NEW YORK,. Give me bitcoin or your life. Seriously?
The people behind a rash of bomb threats made across the United States and Canada yesterday demanded a US$20,000 (RM83,672) ransom to be paid in bitcoin. Authorities said none of the threats ? emailed to hundreds of businesses, public offices and schools ? appeared credible.
Frankly, the perpetrators would have been better off asking for Turkish lira.
Bitcoin and other cryptocurrencies have long been a favourite ransom tender for cyber criminals thanks to the currencies’ anonymous nature. US cyber security firm Chainalysis estimates that from 2012 through 2017, global ransom payments using bitcoin totaled at least US$31 million.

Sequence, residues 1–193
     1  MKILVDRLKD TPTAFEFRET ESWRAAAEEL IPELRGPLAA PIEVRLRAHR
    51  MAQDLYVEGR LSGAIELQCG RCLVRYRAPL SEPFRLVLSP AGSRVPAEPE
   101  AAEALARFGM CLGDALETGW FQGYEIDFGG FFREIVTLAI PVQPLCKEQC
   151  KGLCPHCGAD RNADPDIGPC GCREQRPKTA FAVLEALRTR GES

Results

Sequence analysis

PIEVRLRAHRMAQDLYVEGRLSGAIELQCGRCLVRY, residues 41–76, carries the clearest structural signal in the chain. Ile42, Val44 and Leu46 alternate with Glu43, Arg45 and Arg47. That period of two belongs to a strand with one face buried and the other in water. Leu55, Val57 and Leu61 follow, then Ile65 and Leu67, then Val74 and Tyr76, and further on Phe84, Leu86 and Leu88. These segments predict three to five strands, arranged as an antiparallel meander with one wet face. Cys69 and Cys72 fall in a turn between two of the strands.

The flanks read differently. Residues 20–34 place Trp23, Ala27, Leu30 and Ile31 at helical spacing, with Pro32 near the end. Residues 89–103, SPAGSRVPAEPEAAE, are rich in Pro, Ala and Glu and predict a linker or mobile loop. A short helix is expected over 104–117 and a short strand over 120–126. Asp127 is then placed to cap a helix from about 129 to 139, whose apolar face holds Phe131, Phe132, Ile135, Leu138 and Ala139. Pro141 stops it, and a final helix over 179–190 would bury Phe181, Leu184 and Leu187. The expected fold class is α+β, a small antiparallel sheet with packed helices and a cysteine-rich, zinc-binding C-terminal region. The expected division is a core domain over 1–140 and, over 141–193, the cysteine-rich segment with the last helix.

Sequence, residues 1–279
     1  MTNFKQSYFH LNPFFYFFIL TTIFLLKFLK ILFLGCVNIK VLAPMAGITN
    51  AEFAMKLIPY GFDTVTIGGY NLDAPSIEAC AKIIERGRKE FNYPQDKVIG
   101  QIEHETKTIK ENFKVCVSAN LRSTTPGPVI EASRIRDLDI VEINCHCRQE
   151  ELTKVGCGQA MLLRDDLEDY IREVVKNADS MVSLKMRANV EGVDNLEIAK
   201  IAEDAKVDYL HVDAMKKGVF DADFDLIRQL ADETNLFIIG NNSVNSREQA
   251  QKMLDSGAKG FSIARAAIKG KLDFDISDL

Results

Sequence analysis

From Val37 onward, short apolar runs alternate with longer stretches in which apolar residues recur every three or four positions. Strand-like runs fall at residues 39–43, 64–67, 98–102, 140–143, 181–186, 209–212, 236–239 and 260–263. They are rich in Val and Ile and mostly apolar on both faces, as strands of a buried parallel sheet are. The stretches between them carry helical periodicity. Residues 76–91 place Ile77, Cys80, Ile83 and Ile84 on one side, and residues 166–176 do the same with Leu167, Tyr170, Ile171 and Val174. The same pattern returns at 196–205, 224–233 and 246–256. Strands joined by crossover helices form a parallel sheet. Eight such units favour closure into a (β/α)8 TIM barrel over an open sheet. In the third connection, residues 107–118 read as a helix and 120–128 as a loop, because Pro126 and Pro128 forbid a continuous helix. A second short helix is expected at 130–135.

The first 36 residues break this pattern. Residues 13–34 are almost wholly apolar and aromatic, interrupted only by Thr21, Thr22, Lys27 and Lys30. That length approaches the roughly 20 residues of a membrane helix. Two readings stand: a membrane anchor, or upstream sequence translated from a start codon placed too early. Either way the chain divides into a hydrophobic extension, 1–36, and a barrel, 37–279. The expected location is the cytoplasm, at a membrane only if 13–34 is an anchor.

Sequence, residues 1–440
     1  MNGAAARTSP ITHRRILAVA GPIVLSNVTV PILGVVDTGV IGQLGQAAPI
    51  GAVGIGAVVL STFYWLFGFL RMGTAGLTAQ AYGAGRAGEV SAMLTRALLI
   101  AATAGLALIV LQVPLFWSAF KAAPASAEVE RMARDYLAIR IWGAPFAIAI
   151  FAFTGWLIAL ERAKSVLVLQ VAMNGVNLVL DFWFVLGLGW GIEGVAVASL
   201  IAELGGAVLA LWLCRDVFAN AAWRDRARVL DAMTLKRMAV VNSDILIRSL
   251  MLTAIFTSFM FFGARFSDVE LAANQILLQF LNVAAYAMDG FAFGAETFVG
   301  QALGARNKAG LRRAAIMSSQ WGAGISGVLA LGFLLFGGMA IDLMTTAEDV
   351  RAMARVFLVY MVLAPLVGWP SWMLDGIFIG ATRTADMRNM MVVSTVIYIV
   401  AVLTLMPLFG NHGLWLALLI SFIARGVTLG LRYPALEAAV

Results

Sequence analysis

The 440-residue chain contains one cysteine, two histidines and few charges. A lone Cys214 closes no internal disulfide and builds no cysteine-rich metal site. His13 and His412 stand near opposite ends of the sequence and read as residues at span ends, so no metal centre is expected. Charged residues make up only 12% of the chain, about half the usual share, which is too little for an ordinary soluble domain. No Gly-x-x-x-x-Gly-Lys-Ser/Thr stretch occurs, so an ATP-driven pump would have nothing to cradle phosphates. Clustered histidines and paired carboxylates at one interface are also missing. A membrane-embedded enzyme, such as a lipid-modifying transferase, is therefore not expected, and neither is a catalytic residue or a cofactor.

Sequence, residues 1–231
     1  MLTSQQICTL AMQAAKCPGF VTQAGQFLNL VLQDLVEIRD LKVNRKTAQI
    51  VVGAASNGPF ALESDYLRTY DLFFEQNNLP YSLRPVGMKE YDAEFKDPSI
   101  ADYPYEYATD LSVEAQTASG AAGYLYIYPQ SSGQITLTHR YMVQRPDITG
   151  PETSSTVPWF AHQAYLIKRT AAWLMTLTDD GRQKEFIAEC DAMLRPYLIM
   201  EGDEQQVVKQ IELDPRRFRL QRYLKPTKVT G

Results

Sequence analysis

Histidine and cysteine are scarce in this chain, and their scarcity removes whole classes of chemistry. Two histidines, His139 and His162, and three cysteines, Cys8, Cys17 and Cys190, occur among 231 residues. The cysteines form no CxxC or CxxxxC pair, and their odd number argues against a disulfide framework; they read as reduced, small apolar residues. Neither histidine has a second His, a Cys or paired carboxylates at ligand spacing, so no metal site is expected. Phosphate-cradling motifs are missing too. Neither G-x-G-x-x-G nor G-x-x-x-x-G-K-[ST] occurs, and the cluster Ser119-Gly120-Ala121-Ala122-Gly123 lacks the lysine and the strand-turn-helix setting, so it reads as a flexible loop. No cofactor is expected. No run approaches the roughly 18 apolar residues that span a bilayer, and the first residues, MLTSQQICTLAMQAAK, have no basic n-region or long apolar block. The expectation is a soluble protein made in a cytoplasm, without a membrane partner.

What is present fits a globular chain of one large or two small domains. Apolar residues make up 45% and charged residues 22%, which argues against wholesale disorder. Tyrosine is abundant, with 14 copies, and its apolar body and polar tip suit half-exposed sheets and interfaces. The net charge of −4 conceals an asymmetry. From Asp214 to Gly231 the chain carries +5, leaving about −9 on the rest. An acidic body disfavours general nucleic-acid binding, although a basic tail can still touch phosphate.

Anonymity aside, of course, the big appeal was an incredible run-up in bitcoin’s value over that time. It shot from US$5 a coin at the start of 2012 to nearly US$20,000 at this time last year, according to data from Bitstamp, one of the larger bitcoin exchanges.
Today? Not so hot.
Bitcoin yesterday was trading at around US$3,250, down more than 80 per cent from its record high. In the last three months alone it has plunged 50 per cent.
Even the currencies of some crisis-hit economies like Turkey have done better: The lira is up 30 per cent since August. ? Reuters